As the man sat there, engrossed in the chess problem, the train rumbled on.

The second man leaned forward. ‘May I try?’

‘But of course’, came the cool reply. ‘And what is your desire?’

‘Well, there’s this girl…’

The old man smiled. Ah yes, there is always a girl…

‘She’s not a chess player and she thinks I spend far more time on the game than I do on her. She is in fact an artist, with her own studio in town. Her speciality is painting animals, especially birds. Blackbirds, robins, starlings…the likenesses are incredible and her style has an almost mesmeric quality. Sometimes I go to the studio and spend hours just staring at her tits. I want to spend forever with her but have time for chess as well. My desire is for her to see my side of the story and be more accommodating. Surely she can see that chess means just as much to me as she does and accept the fact?’

The old man said nothing but merely dealt a card. The man stared at the chess problem and the world around him melted away…

White to play and mate in three moves

Still the train moved on down the line. The third man looked at his two fellow passengers, oblivious to their surroundings, and felt left out. Driven by the paranoia that haunts all chess players, he wanted to be part of the experience and asked the old man if he could try a problem.

‘My desire is simply to improve my playing strength a little. There’s a guy down at the club who always seems to beat me and it would be great to think I could get the better of Mr Kwan some time.’

The old man looked up. ‘Ah - your friend is of the Oriental persuasion?’

‘He wouldn’t need much persuading; he’s Chinese.’

‘So be it,’ said the old man, ‘Here is your challenge,’ and he flipped over another card from his deck.

White to play and mate in three moves

After a while, each man in turn decided the problems were beyond them. Shortly afterwards they had to disembark but as they turned to say goodbye to the old man, they found he was no longer there….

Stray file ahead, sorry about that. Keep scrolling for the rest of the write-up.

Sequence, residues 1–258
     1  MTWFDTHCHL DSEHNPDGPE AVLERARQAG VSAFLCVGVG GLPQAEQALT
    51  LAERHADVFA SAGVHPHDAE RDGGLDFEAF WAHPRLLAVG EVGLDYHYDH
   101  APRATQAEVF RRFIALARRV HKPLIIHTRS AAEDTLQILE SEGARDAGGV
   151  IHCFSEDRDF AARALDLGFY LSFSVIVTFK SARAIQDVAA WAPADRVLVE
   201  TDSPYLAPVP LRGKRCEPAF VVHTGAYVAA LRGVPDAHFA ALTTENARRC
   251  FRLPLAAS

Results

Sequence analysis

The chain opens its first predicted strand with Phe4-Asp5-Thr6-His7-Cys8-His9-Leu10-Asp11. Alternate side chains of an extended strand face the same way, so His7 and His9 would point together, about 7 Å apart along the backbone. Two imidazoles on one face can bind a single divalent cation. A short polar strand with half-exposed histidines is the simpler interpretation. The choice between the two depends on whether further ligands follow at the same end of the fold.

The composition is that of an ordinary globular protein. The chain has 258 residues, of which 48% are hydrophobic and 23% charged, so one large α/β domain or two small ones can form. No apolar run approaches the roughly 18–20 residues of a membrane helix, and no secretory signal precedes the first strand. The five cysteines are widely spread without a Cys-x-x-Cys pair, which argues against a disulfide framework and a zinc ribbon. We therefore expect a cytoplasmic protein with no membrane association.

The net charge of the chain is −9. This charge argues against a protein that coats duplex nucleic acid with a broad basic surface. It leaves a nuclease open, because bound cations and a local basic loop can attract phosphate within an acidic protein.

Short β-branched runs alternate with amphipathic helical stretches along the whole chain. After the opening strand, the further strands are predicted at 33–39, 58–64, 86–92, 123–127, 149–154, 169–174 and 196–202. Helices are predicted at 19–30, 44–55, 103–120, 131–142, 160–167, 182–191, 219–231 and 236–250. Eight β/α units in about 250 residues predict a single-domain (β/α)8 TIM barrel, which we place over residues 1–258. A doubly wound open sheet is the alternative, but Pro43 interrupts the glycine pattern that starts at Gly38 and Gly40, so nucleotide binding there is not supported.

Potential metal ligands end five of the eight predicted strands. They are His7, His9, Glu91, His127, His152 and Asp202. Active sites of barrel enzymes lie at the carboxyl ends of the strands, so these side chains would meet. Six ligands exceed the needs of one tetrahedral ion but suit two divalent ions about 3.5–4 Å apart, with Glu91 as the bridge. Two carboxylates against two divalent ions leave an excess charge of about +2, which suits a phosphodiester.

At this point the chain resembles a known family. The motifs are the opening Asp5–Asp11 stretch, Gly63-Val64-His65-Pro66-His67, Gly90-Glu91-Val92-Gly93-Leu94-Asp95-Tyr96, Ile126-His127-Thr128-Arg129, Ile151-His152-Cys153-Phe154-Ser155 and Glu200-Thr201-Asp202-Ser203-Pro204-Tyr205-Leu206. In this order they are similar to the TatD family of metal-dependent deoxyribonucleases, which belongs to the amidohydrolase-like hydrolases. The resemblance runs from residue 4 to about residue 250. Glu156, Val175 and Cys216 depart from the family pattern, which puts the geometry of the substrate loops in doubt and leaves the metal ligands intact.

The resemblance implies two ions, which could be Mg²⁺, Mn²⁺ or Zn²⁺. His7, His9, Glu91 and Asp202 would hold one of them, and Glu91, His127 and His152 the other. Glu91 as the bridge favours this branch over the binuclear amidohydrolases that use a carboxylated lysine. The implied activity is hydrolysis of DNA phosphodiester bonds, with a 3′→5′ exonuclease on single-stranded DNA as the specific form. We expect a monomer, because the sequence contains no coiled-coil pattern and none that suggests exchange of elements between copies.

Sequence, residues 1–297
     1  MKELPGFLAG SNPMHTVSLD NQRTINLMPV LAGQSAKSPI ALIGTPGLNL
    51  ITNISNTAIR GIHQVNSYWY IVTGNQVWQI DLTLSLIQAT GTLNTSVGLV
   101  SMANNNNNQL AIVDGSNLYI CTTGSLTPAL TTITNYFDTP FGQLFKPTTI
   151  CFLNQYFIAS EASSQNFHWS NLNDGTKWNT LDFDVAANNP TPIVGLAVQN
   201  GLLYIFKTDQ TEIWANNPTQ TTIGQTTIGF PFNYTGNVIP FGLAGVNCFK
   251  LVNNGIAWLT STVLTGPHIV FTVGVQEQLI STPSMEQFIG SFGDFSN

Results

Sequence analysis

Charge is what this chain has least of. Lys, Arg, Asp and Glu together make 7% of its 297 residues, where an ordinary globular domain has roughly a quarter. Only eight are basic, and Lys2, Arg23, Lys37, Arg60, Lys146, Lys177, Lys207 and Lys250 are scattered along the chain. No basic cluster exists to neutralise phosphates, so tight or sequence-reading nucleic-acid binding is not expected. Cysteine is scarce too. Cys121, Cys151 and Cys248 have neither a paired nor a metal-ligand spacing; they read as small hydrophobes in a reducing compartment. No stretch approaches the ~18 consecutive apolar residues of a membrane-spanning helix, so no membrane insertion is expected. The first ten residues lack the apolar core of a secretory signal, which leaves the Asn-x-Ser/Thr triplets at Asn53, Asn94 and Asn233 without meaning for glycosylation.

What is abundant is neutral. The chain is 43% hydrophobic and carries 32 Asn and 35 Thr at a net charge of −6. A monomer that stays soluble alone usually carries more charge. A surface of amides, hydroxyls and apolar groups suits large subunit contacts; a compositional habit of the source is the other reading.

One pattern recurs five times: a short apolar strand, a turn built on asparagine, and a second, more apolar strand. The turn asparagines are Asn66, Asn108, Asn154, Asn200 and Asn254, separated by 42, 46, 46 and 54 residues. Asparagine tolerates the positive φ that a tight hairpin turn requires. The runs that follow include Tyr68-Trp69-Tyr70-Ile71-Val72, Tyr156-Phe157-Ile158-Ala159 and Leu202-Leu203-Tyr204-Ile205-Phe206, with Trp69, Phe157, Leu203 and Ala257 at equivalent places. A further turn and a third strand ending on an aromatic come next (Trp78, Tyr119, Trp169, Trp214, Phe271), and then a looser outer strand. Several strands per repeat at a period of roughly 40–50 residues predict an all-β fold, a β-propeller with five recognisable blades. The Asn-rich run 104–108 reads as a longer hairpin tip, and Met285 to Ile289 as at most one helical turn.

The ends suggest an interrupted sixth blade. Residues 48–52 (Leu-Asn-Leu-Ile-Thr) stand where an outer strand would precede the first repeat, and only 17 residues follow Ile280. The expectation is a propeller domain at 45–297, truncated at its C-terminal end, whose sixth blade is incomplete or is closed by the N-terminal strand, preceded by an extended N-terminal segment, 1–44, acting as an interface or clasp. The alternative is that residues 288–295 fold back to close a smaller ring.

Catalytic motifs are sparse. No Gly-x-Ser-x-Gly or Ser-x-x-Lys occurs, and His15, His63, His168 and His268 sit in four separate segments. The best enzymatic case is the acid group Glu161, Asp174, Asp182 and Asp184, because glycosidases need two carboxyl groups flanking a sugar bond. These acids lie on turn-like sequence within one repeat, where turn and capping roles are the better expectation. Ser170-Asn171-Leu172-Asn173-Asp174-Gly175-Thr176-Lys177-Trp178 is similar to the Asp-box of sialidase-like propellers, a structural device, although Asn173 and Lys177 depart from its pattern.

The first man’s weekend turned out to be the worst of his life. With the unsolved chess problem occupying all of his thoughts, he lost his Friday night game by a hideous blunder. Then he misread his hotel instructions and ended up on the same floor as a Doctor Who Convention. Waking up in the middle of the night, he was shocked to see his room full of silver-clad robot look-alikes. One of them was leaning over him with a strange device in his hand. The last words the man heard before he passed out were: ‘Activate the magnetron!’

The second man got off the train and set off to see the woman in the shop. Unfortunately, he decided to call in at the local chess club first and when he finally went around to see her it was too late - she had left. For good. The bird had flown…

The third man failed to spot the chink in the defence of the Black King and, like his fellow travellers, gave up on the chess problem. Never in his life did he ever beat his club-mate.
All three had been guilty of the same mistakes and their lives were never the same again.

And what of you, dear reader? Dare you take a card and stake your future upon it?
So be it! Once you have solved the three problems above, then here is a special bonus one, just for you.

And don’t forget - be careful what you wish for!

White to play and mate in two moves

Answers in the New Year…if you are still around! Mwahahahahahahahah!

Sean Marsh